Mainstream media blues

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Mainstream media blues


On Oct. 24, The Washington Post declared that “Donald Trump’s chances of winning are approaching zero.” The day before the presidential election, The New York Times put Hillary Clinton’s odds of winning at 84 percent. Most major American media outlets predicted a Clinton victory. But things didn’t turn out that way, and in hindsight, such wrong predictions could have been avoidable.

Since Franklin Roosevelt was president, a political party has only held the White House for as long as eight years. The only exception was Republican George H.W. Bush, who followed Ronald Reagan’s two terms. The eight-year cycle is due to fatigue over the administration. Regardless of performance, the passion of supporters subsides in four or eight years, while the dissatisfaction of opponents accumulates. Accordingly, it makes sense that after eight years of Obama, it is the Republicans’ turn to occupy the White House.

While the percentage of white Americans is decreasing, the American mainstream is still white. The Pew Research Center found that 69 percent of voters were white, 12 percent were black, 12 percent were Hispanic and 4 percent were Asian. A Washington Post-ABC News poll from Oct. 15 showed Clinton was 4 percent ahead of Trump. But the dominance of Clinton was based on distorted reality. Fifty-two percent of white voters supported Trump while 38 percent supported Clinton. Trump led Clinton throughout the campaign among white voters.

Moreover, Clinton was anxious in confronting Trump and the freshness he represented. According to The Washington Post, the Democratic Party had nominated a fresh face in every presidential election since 1972. The only exception was Al Gore.

Since the 1970s, the country has elected three Democratic presidents: Jimmy Carter in 1980, Bill Clinton in 1996 and Barack Obama in 2008.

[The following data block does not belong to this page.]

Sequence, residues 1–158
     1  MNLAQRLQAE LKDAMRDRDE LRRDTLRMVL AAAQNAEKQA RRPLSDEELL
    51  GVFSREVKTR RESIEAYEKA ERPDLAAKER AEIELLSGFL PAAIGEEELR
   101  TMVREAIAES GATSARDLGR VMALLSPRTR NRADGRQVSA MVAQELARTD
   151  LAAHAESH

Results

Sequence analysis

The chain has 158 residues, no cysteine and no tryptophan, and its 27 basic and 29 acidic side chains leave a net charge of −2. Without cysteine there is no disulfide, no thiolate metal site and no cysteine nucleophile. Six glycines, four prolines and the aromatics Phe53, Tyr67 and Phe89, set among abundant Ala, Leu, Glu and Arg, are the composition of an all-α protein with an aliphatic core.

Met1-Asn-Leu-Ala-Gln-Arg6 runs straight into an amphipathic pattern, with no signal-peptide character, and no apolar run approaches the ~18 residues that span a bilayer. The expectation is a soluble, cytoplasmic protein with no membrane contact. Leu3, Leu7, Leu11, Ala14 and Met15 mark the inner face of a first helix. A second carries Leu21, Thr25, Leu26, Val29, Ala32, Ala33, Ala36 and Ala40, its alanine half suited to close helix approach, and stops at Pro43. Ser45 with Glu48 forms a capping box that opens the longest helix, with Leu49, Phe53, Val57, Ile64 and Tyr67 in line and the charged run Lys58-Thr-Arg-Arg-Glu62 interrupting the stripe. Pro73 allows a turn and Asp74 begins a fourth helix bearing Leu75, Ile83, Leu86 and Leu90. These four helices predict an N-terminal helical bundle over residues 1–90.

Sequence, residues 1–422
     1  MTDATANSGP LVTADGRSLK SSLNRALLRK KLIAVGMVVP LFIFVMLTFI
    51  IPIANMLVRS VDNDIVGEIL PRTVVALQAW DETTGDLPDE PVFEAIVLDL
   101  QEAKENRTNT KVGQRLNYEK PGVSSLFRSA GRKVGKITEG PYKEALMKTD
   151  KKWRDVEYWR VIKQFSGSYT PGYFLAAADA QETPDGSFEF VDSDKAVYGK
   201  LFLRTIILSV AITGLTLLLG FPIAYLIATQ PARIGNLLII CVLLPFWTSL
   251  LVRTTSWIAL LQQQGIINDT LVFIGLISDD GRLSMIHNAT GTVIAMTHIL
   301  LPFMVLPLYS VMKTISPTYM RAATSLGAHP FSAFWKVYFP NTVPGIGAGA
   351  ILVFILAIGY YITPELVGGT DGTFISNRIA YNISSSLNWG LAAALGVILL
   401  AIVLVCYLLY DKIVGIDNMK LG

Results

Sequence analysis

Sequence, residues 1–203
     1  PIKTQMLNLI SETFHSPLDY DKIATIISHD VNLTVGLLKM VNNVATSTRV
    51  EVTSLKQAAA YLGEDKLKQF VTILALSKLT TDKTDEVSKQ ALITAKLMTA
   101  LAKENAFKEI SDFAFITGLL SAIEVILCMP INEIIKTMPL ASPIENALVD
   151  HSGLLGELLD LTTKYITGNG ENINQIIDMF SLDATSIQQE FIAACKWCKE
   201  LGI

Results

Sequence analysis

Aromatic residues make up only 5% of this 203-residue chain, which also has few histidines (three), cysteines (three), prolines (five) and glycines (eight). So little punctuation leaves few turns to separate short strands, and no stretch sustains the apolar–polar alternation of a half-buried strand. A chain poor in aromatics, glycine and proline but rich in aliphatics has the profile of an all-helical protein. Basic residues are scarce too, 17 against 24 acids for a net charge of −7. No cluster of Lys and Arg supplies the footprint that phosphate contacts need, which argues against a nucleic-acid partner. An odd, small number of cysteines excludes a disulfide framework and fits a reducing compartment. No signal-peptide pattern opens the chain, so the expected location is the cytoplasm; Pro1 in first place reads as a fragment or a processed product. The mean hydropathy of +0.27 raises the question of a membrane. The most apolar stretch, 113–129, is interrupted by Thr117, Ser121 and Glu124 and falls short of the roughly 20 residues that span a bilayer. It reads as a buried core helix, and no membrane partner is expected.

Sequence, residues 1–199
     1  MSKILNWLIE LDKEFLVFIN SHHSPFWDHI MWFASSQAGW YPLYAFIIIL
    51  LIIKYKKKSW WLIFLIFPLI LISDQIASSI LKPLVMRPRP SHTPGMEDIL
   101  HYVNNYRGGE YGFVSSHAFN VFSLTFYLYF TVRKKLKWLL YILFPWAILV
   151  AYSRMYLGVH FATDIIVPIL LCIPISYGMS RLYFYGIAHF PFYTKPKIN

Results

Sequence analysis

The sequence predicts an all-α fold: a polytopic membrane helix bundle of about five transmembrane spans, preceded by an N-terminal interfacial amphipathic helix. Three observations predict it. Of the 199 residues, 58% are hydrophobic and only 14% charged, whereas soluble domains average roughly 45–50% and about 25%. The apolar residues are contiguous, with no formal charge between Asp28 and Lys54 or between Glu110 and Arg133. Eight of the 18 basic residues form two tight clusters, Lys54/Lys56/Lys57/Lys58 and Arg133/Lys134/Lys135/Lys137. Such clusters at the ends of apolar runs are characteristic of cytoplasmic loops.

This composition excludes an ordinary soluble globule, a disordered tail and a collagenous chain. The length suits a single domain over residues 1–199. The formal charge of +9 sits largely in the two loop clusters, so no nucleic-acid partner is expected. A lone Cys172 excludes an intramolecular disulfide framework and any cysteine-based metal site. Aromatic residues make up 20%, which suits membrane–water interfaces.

What they all have in common is that each was an extremely fresh face. Carter was a peanut farmer in Georgia and was not nationally recognized until the primary. Bill Clinton was governor of Arkansas and the youngest governor to be elected at age 32. Barack Obama wrote history as the first African-American president of the United States.

While their political résumés were rather simple, they represented change. In contrast, Hillary Clinton was a familiar face, having been the first lady, senator from New York and secretary of state. As a Washington outsider with no political experience, Trump was a new and extreme card.

Throughout the presidential campaign, the mainstream media was under a hypnotic spell. The subjective justification of which candidate “should” become president blurred the objective prediction of who was “likely” to be elected. The lesson of the U.S. presidential election is that confusing opinion with reality can lead to misjudgment.

JoongAng Ilbo, Nov. 15, Page 15

*The author is the Washington correspondent of the JoongAng Ilbo.


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